Australia's foreign bribery regime may be set for a significant overhaul in 2016 and 2017.
Australia's current foreign bribery legislative framework and approach to enforcement are under review, with the commencement of an Australian Senate inquiry in June 2015. A Senate-appointed committee is currently reviewing submissions from 40 organisations and individuals who have expressed views about the effectiveness of, and possible improvements to, Australia's measures against foreign bribery and the existing Commonwealth legislative framework governing foreign bribery.
The terms of reference for the Inquiry address several gaps and grey areas in Australia's existing foreign bribery regime, including the "facilitation payment" defence, lack of alignment with foreign peer jurisdictions in respect of offences, penalties, and protection of whistleblowers .
The submissions already reveal a number of clear themes: in particular, calls to expand the scope of Australia's current foreign bribery offences, abolish the facilitation payment defence, improve guidelines on the structure and operation of the foreign bribery regime, and expand the current regimes for protection of whistleblowers. Submissions frequently referred to US and UK practices as offering benchmarks for a comprehensive and thorough anti-bribery regime .
So, based on these themes, what big-ticket items are the most likely candidates for change in Australia, and why should you look out for them?
TOP 4 POTENTIAL CHANGES
1. Improved framework and scope of legislation
The majority of submissions received by the Senate Committee express the view that the current anti-bribery regime in Australia is inadequate. Most submissions advocate for the adoption of similar offences as are proscribed by US and UK laws. The most frequently mentioned additions included:
- Broadening the foreign bribery offence under Australia's Criminal Code legislation to include private instances of bribery, rather than just limiting the offence to public officials and
- Creating a books-and-records provision comparable to that in the US Foreign Corrupt Practices Act (FCPA), making it an offence for a corporation to fail to keep accurate financial records that record and explain its transactions.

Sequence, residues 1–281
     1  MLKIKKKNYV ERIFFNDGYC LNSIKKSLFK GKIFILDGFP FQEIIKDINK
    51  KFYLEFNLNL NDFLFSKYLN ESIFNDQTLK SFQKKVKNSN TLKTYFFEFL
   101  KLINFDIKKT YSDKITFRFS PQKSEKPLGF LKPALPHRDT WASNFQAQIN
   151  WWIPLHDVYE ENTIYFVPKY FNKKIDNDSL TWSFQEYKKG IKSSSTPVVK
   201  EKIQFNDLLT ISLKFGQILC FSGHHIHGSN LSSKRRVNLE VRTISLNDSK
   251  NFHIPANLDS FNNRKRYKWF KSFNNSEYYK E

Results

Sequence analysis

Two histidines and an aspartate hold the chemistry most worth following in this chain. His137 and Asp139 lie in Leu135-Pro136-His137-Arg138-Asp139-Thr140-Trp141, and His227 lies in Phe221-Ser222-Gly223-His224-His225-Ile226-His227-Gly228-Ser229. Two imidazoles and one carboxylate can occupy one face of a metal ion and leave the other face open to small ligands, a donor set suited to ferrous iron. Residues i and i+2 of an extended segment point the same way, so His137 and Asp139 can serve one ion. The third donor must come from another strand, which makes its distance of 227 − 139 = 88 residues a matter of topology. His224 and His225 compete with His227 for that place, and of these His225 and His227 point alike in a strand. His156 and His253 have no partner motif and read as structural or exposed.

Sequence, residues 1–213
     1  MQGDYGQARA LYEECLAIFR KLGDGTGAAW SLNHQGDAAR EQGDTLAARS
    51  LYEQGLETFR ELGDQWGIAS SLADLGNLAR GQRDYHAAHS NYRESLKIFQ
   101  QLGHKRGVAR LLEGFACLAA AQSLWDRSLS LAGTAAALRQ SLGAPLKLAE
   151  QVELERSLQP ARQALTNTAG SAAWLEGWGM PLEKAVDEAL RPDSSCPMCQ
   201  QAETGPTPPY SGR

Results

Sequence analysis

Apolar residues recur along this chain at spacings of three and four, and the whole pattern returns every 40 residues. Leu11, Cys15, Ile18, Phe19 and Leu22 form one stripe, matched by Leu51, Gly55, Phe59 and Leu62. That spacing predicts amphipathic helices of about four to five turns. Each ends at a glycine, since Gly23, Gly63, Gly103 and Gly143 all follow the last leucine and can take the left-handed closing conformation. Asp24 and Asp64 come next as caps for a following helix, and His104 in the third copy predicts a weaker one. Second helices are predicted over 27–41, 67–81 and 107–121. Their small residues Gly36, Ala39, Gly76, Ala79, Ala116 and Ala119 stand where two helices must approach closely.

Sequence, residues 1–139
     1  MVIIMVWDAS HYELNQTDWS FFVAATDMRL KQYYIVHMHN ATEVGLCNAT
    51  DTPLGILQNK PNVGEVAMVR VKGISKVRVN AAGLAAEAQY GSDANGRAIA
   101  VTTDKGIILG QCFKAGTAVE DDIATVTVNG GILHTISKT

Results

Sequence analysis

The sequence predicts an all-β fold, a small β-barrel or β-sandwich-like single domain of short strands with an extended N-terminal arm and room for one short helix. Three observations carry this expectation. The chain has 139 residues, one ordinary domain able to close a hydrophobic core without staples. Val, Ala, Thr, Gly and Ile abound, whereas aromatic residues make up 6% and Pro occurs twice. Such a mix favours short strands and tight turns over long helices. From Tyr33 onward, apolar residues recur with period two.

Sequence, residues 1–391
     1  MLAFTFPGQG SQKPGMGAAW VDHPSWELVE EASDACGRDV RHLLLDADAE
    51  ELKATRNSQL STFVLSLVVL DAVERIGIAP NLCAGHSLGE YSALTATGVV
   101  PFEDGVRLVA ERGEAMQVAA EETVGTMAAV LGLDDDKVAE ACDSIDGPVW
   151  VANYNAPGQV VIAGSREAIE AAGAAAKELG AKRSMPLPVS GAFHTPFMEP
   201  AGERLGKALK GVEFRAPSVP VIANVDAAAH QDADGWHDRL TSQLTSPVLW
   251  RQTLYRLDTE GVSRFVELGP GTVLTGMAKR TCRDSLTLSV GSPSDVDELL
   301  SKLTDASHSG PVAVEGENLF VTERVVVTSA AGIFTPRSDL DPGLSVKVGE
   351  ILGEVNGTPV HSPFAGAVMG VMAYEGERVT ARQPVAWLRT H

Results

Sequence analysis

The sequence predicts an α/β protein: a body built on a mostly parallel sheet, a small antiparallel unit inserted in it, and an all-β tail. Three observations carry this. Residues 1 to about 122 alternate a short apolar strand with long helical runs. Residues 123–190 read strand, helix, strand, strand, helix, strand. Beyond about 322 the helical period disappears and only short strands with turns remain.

There have also been suggestions of deploying a "debarment" type penalty from government contracts for those found guilty of bribery offences, with reference made to adopting a US-style Interagency Suspension & Debarment Committee.
Besides the scope of Australia's laws themselves, there was criticism of the lack of in-depth official guidance available for companies to navigate Australia's existing foreign bribery regime. A number of submissions cited the US Department of Justice’s Resource Guide to the US Foreign Corrupt Practices Act as a good example, setting out how bribery offence operate and providing the right level of detail and practical steps that can be taken to avoid engaging in an offence.
2. Culture of compliance
A significant number of submissions have called for a review of Australia's Criminal Code to better incorporate a clear offence for failure to maintain a culture of compliance. Some envisaged this as encompassing provisions to address the combined knowledge of corporate officers, the potentially mitigating features of a self-reporting regime and the introduction of enforceable undertakings requiring organisations to develop and implement anti-bribery compliance programs. Many also make a general call for improved guidance for addressing culture of compliance requirements, with an emphasis on identifying what internal compliance measures or programs would satisfactorily demonstrate a culture of compliance.
3. Removal of the facilitation payment defence
The majority of submissions advocate the removal of the facilitation payment defence. Many supported a notice and/or grace period to allow organisations to amend practices and implement revised procedures, ahead of the abolition of the defence. The minority who wrote in favour of retaining the defence argued that it was necessary for some small to medium sized enterprises operating in certain jurisdictions, and that the defence could be better monitored with increased scrutiny and improved guidance. Entities that engage in facilitation payment practices will also need to consider how any changes to the books and record provisions of Australia's foreign bribery regime will impact the way these payments are recorded.
4. Improved protection for whistleblowers
Several submissions criticised existing Australian protections for whistleblowers as inadequate, with no structured regime for private sector whistleblowers who reported foreign bribery. They pointed to the US and UK regimes, which protect whistleblowers against retaliation from employers and provide immunity or plea deals with reduced fines or sentences, as potential models for change. However, some expressed reservations about adopting a US False Claims Act-style reward system for whistleblowers in Australia.
The Senate Committee will provide a report to the Senate by July 2016, and the government will then determine what changes it will make, if any, to the foreign bribery legislative framework. It is unlikely that any of the above potential legislative and framework changes will come to fruition before 2017. But entities conducting business in Australia should be mindful that certain areas of the foreign bribery regime may be changing – and keep such possible changes in mind as they review and implement internal policies, particularly around a culture of compliance, accounting practices and treatment of whistleblowers.
DLA Piper will be tracking the Inquiry closely in Australia and will provide regular updates. To learn more, please contact the authors.